The balloon, as if disappointed, drifts down from the tree. We’re so easily drawn into attributing emotion and intelligence to this object as it moves, as though it wanted the boy’s attention and was teasing him. It’s like the balloon served a purpose: to keep Simon looking upward, and prevent him from being sucked into the chaos. The balloon is almost like the guardian angels in Wings of Desire—a fantasy that we wish were real.

The first time I saw this film, I quickly read the Metro station as a metaphor. For Hou, trains are always suggestions of change, of irrepressible motion, and of threads that connect the world and carry pulses of life. And Simon is at an age where he’s about to take on adult concerns, leaving his curiosity and imagination behind.

Yes, the boy stands in a moment of transition. But there is a strong visual suggestion of something more drastic here—severance. A station advertisement, a poster for an upcoming movie, provides part of the backdrop for Simon’s one-sided conversation. It’s an ad for a movie called Severance, which movie buffs will recognize as a dark comedy about businesspeople who end up wreaking bloody havoc in the wilderness.

Not only that, but the poster itself, and the title of the film, are “severed” by the vertical line of the structure around the Metro’s entryway. The line directs our attention upward, to the balloon and its dangling—severed—string.

Moments later, we begin to see that this is not just a film about Simon, but about all of us. A bus moves past, painted with brightly colored spheres like balloons. In the windows above those circles, the faces of the passengers, grim-looking adults, gaze out at the world. The advertisement plastered on the bus is distracting—it’s a promotion for the movie Children of Men. If we’re familiar with that movie, then we might find this as a clever joke, or a note of strange foreboding about where society is headed.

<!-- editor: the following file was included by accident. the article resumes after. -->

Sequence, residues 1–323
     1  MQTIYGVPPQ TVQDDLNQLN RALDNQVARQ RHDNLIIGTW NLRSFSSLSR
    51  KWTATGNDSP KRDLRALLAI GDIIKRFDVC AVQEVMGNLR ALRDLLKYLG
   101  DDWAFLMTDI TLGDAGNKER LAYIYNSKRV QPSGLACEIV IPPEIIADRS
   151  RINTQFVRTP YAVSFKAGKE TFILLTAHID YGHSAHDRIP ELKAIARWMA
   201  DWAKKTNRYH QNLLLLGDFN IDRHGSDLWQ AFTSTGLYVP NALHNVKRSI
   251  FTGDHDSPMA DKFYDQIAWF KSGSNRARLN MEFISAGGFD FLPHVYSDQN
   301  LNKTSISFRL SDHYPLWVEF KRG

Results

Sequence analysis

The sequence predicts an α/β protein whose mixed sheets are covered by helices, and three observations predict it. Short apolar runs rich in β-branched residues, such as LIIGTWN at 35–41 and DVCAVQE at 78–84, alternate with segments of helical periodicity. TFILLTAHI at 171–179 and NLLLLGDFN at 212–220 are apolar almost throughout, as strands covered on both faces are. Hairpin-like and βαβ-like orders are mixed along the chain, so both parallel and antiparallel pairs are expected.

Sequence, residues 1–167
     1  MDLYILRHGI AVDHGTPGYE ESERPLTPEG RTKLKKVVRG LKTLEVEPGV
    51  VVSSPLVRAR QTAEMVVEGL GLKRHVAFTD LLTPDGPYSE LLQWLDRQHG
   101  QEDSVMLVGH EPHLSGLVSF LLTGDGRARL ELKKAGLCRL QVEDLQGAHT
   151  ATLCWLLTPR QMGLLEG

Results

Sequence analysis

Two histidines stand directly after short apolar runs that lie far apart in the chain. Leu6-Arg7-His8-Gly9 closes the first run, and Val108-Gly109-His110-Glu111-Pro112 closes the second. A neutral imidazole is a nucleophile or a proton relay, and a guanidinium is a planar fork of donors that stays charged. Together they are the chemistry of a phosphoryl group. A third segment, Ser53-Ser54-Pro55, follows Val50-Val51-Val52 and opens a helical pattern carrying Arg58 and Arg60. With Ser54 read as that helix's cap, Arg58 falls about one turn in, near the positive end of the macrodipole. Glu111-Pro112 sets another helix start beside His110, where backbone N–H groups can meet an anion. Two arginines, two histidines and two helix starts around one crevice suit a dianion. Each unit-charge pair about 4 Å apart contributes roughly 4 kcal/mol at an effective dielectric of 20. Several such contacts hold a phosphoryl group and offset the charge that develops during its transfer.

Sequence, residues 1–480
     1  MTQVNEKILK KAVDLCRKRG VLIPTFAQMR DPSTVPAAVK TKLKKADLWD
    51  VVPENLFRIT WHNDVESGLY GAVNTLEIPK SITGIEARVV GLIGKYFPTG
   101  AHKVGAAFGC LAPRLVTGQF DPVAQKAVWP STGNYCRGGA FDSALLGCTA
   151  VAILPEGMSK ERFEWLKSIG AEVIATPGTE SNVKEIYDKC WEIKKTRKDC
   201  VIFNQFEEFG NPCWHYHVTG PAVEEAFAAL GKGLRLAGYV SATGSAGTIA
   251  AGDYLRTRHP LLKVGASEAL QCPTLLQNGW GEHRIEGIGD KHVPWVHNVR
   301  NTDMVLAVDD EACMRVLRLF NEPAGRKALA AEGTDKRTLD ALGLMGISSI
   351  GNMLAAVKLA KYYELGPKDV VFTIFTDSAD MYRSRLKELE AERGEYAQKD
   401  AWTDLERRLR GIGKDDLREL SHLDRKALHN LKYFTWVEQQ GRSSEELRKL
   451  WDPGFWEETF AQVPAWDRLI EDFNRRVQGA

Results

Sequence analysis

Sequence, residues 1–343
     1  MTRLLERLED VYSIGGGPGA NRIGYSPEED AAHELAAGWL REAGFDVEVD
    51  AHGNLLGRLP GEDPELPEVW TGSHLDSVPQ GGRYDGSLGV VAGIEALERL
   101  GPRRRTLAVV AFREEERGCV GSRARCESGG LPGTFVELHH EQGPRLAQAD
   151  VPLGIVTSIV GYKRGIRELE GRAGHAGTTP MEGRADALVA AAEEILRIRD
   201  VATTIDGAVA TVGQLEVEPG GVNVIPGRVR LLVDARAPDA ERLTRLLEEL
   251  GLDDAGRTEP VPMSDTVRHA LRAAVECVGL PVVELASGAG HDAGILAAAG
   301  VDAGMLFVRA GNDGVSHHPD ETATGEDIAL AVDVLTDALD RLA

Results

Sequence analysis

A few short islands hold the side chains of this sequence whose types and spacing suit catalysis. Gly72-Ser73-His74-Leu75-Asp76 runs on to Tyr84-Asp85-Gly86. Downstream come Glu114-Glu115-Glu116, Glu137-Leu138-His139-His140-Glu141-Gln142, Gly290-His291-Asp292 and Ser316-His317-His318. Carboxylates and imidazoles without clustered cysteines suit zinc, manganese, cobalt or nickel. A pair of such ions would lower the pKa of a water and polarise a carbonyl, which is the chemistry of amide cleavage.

With effortless visual poetry, Hou has introduced his main themes—the fragile interior life of a child, the haste and dangers of the adult world, and the ways we can be severed from love and innocence. (A short while later, we’ll learn that Simon’s parents are divorced.)

Simon’s slow progress stands in stark contrast to the rest of the city. Viewers are likely to feel a mix of emotions as they observe him—joy, longing, even sadness and fear for his inevitable “progress.” In his review, Michael Koresky wrote:

The peripheral presence of the balloon stands in sharp contrast to this film’s gorgeously maintained mess: never has a film felt so spontaneous, slapdash, and utterly controlled all at once. It’s become a cliché to say that a film floats, that it exists in reverie, yet Flight of the Red Balloon may come closer to embodying an earthbound heavenly state than any film I’ve seen. Its casual bliss is buoyed by a regard for beauty so accessible that, in its self-reflexive final scene, even a group of schoolchildren can notice it.

Referring to the “gorgeously maintained mess,” Koresky may be referring to the chaos of Paris, or to the character played by Juliette Binoche, who sports a shocking blond hairstyle that seems to be exploding.

Binoche plays Simon’s mother, Suzanne, a woman bound by many tethers that pull her violently in all directions. Suzanne is “severed” from Simon’s father and from her beloved teen daughter. Her heart is in pieces. As she scrambles from work as a voice for a Japanese puppet theater—again, characters in distress being manipulated by strings—to other responsibilities, she must also contend with maddening and irresponsible renters at her property.

Needing a guardian for Simon, Suzanne hires Song (Fang Song), a beautiful and soft-spoken Taiwanese film student. Song is making a short film homage to Albert Lamorisse’s classic children’s film The Red Balloon. Song is a quiet soul, and her silent attention has a gravitational pull that endears her to those caught up in busyness.